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MSHAA won't resume athletics until at least April

Hold on sports runs through April 5th.

ROCKFORD, Mich. — The Michigan High School Athletic Association won't be thinking about resuming high school athletic competing until the beginning of April. A day after announcing the postponement of all sports due to the spread of the Coronavirus, the MHSAA said Friday the suspension will last at least until April 5th.

The suspension means all winter and spring activities have to stop. From games to practices to strength training and even team meetings. It's a tough pill to swallow for all the athletes who have been working hard toward winning a championship. Rockford athletic director Cole Andrews says it may not be fair but it's a hard lesson that sometimes life doesn't work out exactly as you plan.

RELATED: NCAA tried to save March Madness with 16 teams instead of 68, report says

"Well it's certainly going to be a learning experience for them and all of us. I don't know if there is going to be anything great to say to particularly a season who are now not going to get that opportunity to compete," Andrews said. 

Rockford was supposed to host the gymnastics state championships this weekend. Andrews is hopeful the school will still be able to do it but he knows there's a good chance that won't happen. 

"I think it's so fluid you just never know at this point," Andrews. 

Do you have more questions about COVID-19 in Michigan? Check out the state's website. 

What are the symptoms and ways to prevent COVID-19?

The CDC says patients with the confirmed infection have reportedly had mild to severe respiratory illness with symptoms of: 

  • Fever 
  • Cough 
  • Shortness of breath 

To slow the spread of COVID-19 in Michigan the state gave the following recommendations:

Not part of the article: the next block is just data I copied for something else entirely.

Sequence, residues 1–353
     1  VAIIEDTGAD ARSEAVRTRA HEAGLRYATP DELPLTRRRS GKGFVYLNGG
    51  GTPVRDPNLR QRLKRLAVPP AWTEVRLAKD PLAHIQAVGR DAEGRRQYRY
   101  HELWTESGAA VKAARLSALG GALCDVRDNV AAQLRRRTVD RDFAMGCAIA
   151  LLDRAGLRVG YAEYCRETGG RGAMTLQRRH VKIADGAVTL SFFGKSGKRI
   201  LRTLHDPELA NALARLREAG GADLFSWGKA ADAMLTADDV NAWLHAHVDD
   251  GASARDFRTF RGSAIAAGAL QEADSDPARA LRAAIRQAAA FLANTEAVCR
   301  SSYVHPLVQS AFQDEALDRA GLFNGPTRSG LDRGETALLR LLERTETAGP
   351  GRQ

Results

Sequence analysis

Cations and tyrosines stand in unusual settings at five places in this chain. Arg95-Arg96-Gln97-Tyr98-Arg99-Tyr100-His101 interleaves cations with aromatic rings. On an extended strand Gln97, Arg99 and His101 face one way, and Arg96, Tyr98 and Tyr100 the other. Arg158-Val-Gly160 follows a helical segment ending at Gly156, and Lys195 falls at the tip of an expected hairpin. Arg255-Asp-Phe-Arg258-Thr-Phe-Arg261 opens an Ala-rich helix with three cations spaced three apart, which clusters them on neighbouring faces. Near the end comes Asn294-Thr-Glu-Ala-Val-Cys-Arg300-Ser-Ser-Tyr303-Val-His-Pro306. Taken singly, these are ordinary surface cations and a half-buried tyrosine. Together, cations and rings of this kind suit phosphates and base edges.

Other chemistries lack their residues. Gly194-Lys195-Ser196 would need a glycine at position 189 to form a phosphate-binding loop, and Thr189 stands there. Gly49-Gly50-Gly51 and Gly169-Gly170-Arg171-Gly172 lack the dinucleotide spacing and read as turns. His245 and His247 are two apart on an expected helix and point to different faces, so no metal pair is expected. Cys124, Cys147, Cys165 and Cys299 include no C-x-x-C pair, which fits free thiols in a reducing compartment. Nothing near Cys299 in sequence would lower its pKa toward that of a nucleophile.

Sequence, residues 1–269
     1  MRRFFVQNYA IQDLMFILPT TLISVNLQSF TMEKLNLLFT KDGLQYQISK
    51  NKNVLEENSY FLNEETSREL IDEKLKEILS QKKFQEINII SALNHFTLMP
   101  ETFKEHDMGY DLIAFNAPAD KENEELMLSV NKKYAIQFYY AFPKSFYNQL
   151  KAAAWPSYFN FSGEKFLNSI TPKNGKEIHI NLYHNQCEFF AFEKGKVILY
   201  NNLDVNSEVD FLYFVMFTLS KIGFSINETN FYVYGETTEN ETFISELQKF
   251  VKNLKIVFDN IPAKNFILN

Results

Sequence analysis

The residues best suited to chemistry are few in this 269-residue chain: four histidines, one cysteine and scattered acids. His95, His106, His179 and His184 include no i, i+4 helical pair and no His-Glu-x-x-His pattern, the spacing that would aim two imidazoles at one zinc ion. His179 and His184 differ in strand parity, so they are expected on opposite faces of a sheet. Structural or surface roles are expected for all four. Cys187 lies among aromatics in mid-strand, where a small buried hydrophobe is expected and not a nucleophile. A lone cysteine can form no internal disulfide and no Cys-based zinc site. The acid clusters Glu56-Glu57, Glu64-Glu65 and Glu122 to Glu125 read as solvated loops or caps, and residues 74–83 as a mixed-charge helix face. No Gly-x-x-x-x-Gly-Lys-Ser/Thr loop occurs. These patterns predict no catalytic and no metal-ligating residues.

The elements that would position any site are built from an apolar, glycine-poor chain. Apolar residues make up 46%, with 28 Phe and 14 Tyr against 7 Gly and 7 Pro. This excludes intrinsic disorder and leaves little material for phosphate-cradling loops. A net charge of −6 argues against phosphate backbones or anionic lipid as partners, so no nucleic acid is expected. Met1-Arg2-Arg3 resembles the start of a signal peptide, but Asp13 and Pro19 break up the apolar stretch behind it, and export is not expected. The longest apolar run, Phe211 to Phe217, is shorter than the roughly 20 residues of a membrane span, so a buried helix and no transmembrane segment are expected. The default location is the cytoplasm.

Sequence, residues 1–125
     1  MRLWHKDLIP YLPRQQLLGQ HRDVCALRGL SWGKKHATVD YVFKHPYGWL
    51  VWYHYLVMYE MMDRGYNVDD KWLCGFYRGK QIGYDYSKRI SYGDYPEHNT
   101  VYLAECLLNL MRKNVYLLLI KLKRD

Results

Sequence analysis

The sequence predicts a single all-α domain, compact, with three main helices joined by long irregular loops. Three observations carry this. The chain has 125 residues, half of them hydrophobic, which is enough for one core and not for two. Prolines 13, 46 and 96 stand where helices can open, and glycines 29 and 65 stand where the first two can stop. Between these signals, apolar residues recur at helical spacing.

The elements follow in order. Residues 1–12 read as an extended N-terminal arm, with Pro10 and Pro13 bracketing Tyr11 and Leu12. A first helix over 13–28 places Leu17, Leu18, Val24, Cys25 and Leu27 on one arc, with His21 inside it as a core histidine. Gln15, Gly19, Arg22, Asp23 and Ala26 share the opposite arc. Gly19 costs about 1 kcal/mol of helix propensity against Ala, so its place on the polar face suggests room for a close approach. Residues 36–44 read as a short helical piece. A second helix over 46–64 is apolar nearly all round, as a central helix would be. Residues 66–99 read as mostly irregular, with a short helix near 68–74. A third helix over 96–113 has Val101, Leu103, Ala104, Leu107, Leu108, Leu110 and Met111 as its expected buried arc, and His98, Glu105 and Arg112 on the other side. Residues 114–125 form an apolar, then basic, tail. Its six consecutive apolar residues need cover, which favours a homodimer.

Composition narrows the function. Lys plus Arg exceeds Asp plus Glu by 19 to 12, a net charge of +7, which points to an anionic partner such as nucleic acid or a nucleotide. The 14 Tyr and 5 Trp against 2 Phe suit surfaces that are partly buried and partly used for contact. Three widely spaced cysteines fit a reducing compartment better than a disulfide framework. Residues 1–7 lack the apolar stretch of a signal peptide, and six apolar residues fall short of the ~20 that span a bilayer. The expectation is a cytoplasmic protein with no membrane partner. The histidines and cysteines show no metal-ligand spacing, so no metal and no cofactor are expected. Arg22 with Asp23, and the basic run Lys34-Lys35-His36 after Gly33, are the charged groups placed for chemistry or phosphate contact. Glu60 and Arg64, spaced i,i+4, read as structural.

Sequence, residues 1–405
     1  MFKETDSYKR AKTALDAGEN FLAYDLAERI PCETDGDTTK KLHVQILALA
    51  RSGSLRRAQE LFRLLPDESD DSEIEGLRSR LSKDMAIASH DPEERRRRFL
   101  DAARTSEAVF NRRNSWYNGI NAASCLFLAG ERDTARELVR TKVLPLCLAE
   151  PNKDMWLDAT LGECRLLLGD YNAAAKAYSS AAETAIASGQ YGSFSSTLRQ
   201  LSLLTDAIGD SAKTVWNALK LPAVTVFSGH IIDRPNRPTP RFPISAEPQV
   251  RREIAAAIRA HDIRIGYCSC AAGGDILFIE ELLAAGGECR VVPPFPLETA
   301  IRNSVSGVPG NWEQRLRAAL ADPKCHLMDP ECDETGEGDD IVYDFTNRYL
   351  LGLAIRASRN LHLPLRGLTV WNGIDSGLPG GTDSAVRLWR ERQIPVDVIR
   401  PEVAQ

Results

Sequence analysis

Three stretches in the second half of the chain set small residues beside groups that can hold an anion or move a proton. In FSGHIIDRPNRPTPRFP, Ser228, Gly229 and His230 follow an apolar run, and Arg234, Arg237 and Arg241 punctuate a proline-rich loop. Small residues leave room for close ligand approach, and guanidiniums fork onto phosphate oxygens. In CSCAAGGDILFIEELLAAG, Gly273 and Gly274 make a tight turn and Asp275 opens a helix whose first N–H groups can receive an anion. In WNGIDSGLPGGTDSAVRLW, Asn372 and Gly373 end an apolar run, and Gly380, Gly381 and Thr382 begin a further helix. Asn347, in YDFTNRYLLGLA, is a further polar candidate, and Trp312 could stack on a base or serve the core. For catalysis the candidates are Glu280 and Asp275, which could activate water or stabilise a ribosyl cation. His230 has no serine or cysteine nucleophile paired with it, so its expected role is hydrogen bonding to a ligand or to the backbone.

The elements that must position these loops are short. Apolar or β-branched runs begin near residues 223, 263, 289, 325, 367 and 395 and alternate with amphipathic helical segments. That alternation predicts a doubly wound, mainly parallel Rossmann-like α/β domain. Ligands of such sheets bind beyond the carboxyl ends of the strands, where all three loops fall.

• Learn about the signs and symptoms of COVID-19, which include fever, cough and difficulty breathing.
  • STAY HOME WHEN YOU ARE SICK, and individuals at risk of severe illness should consider staying at home to avoid others who are sick.
  • Regularly clean and disinfect frequently touched surfaces, such as doorknobs, keyboards, cell phones and light switches.
  • Communicate and reinforce best practices for washing hands and covering coughs and sneezes.
  • Be sure to maintain a supply of medications, food, and other essentials in your house.
  • Cancel or postpone large gatherings, conferences and sporting events (e.g. events with over 100 people).
  • Reduce in-person gatherings and activities, especially for organizations with individuals at risk of severe illness. Consider offering video or audio of events.
  • Consider tele-learning or tele-work opportunities, where feasible.
  • Limit non-essential work travel.
  • If you care for a loved one living in a care facility, monitor the situation, ask about the health of the other residents frequently, and know the protocol if there is an outbreak.
  • Limit visitors at hospitals and other facilities to only those who are absolutely necessary and implement screening of visitors for temperature and respiratory symptoms.

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